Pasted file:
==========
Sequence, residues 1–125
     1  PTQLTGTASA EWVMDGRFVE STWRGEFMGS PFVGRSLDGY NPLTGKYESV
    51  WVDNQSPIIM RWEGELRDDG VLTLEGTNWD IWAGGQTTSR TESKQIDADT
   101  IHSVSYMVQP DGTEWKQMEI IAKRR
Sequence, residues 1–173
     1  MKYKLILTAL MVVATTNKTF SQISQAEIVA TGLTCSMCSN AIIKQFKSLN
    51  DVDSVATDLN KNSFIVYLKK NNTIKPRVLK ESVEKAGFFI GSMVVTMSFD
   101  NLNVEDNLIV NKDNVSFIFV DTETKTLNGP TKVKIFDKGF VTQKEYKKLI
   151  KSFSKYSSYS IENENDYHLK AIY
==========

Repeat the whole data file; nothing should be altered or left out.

Sequence, residues 1–125
     1  PTQLTGTASA EWVMDGRFVE STWRGEFMGS PFVGRSLDGY NPLTGKYESV
    51  WVDNQSPIIM RWEGELRDDG VLTLEGTNWD IWAGGQTTSR TESKQIDADT
   101  IHSVSYMVQP DGTEWKQMEI IAKRR
Sequence, residues 1–173
     1  MKYKLILTAL MVVATTNKTF SQISQAEIVA TGLTCSMCSN AIIKQFKSLN
    51  DVDSVATDLN KNSFIVYLKK NNTIKPRVLK ESVEKAGFFI GSMVVTMSFD
   101  NLNVEDNLIV NKDNVSFIFV DTETKTLNGP TKVKIFDKGF VTQKEYKKLI
   151  KSFSKYSSYS IENENDYHLK AIY